Martin Luther King, Jr., Center
Conference on the 1965 Voting Rights Act
Copyright, 1975, Julian Bond
January 13, 1975
Despite the tremendous percentile increases in the numbers of Black registered voters and Black elected officials in this region of the country since the passage of the Voting Rights Act in 1965, it remains a necessity today.
Here is what the Washington Research Project reported in its study, The Shameful Blight:
"Black voter registration in the seven Southern states specially covered under the Voting Rights Act is still low, both in absolute and in comparative terms. There are many practices in different parts of the South which limit Black registration.
1. Hours of registration are customarily limited to normal business hours, making it inconvenient for Blacks to register.
In Leflore County, Mississippi voter registration is possible between 8 a.m. and 5 p.m., Monday through Friday. "In order for most of the rural people to go to register," it was reported, "it has to be a rainy day because their boss will not let them off work to go and register." On one occasion six potential registrants were unable to register because " the registrar stalled for time until time for the office to close."
2. Registration is usually only possible at the county courthouse, an inconvenient location for many Blacks.
Black registration in Clay County, Mississippi is limited because registration is only conducted in the county seat, which "is located in the corner of the county. Many people have to go as many as 30 miles in order to register. As a result, those who do not own cars do not bother to register, also it is rather expensive for those who own cars to make very many trips to town to get people registered."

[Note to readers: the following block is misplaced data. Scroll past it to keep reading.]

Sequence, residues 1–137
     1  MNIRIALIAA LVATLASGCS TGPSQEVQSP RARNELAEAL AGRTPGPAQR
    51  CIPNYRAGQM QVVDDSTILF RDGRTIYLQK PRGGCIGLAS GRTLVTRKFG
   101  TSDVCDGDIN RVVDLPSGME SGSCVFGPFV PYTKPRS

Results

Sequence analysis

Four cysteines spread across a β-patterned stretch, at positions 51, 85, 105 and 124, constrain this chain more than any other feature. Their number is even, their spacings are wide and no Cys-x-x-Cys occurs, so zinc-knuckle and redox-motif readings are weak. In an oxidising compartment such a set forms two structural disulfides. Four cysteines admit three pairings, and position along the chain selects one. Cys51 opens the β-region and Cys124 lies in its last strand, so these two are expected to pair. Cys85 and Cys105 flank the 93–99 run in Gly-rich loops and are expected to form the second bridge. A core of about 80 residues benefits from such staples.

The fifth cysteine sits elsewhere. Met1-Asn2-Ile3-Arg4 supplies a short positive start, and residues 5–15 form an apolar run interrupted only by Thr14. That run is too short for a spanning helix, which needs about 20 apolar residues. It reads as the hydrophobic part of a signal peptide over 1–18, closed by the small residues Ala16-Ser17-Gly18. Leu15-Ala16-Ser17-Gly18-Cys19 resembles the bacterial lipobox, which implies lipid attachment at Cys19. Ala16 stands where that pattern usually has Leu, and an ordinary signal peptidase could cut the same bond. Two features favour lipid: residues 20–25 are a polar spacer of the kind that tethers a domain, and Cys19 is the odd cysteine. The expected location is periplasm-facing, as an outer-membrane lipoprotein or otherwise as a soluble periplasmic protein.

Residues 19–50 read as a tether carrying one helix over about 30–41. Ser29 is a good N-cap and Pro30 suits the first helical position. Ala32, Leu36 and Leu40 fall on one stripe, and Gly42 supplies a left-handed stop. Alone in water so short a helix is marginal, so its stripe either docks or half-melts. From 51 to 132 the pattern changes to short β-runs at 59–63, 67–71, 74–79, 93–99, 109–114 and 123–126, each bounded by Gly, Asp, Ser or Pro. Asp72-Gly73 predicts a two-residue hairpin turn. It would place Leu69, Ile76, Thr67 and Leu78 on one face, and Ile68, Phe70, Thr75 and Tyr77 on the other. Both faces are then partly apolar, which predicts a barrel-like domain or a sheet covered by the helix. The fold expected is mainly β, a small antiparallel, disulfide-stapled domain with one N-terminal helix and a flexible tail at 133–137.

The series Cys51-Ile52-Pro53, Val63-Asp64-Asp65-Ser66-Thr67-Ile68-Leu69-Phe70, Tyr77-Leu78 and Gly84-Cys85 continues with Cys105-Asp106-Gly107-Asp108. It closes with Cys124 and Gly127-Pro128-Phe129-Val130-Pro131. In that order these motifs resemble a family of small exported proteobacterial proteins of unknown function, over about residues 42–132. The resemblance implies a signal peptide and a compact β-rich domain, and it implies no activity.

3. The states and counties rarely take action to publicize the need for registration or assume the burden of assuring that residents are registered.
When Jasper County, Mississippi required all voters to reregister it gave no notice of this requirement over the radio, and newspaper publicity, according to the Department of Justice, was inadequate and misleading.
4. Many Blacks, especially in rural areas, are still afraid to register, often this fear is reasonable, seldom is it counteracted.
In southwest Georgia "people are still afraid to register—and with good reason—for fear of economic sanctions or physical sanctions that may
be applied against them if they do." The Blacks least likely to have registered are "the people who work in plants and are maids, the day laborers and unskilled workers: in short, those who are the most vulnerable to economic pressures if they register."
5. In some jurisdictions public officials have interfered with voter registration drives: in others, private persons have done so.
The Circuit Clerk in Hymphreys County, Mississippi was completely uncooperative during a voter registration campaign. On one Monday registration workers arrived at his office at 2 p.m., to be told that he had gone to a funeral and would not be back. On Tuesday they came back with other applicants at 9 a.m. "They were told Mr. Hood (the clerk) was busy. At 9:30 he was allegedly on the phone. At 10:00 he left and said he had to go to a supervisory meeting." On Wednesday the workers arrived at 4:15 p.m. "Mr. Hood met them at the door, saying the office was closed." On Friday they arrived at 1 p.m. they were told that the clerk had gone to his lawyer's office. The local telephone company refused to install a telephone for the voter registration campaign conducted by a Black organization in Calhoun County, Arkansas until a complaint was filed with the state Public Service Commission.